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Natwest Student Loan interest and fees spiralled - causing debt

edited 7 November at 3:40PM in Reclaim bank & credit card charges
5 replies 423 views
costelloe16costelloe16 Forumite
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I had a Natwest Student Overdraft 10 years ago somewhere between £700 to £1000, and was originally paying back at £100 a month for a bit, then reduced to £50 a month for 2 years and eventually £10 a month for 7.5 years ( I forget I set up the payment!). So I can see from my current bank that I have repaid £2500 into my overdraft in total. However instead of having credit in my account, I recently received a letter saying I was actually £1200 in debt from a 3rd party. 

My account with Natwest is now locked so I can't log in to see my transactions, the 3rd party debt agency have been messing me around for approx 3 months now and still haven't sent me a transaction statement only the amount owing, the only thing that Natwest could tell me over the phone was that in the last 12 months I have been paying £35 interest out a month!!   

I believe that somewhere, somehow my account has started charging fees so high without me knowing it has wiped out all repayments. Is there any type of process that helps people in these situations - i.e I can show that I have not used the account, I have paid constantly for 10 years and taken nothing out, I paid somewhere between 2 to 4 times what I originally borrowed and the only reason I could be in this situation is fees and charges? 

Has anyone else had experience of this?

In particular - if I had realised this before getting the letter from the 3rd party debt collector I would be saying I should be claiming fees and charges back. Is it possible to go back with, "actually I believe they owe ME money?" 

Replies

  • FarfetchFarfetch Forumite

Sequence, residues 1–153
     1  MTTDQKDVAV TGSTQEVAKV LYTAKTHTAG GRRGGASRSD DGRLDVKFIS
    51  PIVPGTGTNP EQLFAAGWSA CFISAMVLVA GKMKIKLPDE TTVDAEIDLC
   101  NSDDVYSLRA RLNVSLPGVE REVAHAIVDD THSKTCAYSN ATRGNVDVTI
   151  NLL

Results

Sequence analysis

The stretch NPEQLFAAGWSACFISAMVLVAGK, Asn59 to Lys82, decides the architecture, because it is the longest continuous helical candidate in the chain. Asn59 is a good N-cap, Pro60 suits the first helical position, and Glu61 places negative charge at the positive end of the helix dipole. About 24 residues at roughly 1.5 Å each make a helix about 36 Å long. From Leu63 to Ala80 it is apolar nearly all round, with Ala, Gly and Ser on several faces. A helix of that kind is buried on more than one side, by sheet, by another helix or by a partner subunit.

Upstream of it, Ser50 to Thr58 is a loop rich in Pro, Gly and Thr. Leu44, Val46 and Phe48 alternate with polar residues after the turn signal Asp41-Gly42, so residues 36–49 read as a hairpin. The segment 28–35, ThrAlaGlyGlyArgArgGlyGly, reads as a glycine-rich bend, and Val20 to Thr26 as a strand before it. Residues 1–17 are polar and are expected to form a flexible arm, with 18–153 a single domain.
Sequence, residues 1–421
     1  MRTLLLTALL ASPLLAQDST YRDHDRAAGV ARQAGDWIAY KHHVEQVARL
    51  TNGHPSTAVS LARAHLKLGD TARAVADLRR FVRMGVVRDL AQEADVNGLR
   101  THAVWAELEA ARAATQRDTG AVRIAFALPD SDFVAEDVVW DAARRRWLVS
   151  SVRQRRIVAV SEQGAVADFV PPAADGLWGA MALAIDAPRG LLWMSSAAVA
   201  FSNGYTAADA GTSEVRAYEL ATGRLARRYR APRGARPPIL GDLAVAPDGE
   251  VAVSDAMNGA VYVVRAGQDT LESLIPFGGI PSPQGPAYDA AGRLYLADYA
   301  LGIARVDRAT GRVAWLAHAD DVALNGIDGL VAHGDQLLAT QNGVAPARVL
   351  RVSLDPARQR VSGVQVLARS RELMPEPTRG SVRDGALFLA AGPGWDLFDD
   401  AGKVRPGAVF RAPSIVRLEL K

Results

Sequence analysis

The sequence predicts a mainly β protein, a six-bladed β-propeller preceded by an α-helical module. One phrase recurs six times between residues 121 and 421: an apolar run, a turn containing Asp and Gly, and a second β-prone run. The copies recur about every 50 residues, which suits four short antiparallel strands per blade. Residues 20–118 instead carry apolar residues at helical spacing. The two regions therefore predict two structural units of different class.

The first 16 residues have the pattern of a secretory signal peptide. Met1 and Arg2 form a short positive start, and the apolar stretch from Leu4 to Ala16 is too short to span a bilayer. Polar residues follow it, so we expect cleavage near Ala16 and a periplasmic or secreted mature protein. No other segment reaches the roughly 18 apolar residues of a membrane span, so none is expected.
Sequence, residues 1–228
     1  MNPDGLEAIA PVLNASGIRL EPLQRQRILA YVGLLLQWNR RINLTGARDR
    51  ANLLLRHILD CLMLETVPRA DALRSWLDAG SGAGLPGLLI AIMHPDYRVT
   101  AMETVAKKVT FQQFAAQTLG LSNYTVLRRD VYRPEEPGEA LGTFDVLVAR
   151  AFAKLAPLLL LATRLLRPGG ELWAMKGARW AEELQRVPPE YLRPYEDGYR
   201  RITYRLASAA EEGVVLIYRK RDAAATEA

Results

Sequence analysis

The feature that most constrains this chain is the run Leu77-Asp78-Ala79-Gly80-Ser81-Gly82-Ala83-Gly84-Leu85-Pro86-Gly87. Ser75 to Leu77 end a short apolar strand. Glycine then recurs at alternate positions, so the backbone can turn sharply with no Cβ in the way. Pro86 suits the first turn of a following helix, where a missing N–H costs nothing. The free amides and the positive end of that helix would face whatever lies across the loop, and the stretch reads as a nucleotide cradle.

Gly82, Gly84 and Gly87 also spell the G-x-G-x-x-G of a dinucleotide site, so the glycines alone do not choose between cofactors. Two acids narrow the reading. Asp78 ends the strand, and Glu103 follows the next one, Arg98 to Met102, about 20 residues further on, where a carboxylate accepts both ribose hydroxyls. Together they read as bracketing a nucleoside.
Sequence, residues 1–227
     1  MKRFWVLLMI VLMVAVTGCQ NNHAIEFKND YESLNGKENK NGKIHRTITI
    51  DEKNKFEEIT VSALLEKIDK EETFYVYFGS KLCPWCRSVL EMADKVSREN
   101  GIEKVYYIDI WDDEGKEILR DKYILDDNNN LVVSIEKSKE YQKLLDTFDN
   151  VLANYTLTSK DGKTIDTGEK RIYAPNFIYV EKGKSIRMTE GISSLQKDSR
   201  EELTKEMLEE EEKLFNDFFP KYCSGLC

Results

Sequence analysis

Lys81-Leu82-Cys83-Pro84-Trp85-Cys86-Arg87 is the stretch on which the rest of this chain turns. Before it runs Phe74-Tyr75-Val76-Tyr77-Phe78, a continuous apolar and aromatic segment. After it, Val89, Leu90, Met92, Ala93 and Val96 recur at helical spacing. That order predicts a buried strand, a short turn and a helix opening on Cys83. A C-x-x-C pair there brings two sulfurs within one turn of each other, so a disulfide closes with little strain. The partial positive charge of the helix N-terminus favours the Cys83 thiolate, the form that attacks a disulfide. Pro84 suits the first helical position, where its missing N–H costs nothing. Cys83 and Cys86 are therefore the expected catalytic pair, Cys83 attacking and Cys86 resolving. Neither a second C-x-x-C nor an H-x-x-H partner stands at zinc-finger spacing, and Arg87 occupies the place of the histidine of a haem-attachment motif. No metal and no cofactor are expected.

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    You can't claim back fees or charges so no, they don't owe you money

    You should be on a financial hardship case with the bank but seems they have sold the debt on so now need to pay the debt collector

    If you were paying £100 a month then £50 a month was this a formal debt management thing or did you just decide to make token payments?

    He who rejects change is the architect of decay. The only human institution which rejects progress is the cemetery.

    -Harold Wilson


  • DullGreyGuyDullGreyGuy Forumite
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    Natwest overdrafts are currently 39.5% interest and if you were only repaying £10 a month its very possible the interest was more than the repayment meaning the balance was increasing and at some point may have exceeded your agreed overdraft limit.

    A student account only remains a student account for so long and you say it was 10 years ago! Presumably you ceased to be a student a long time ago too.  Once your student and 1st year graduate status has expired you go from their preferential rate to standard rate of interest.  
  • dunstonhdunstonh Forumite
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    I had a Natwest Student Overdraft 10 years ago somewhere between £700 to £1000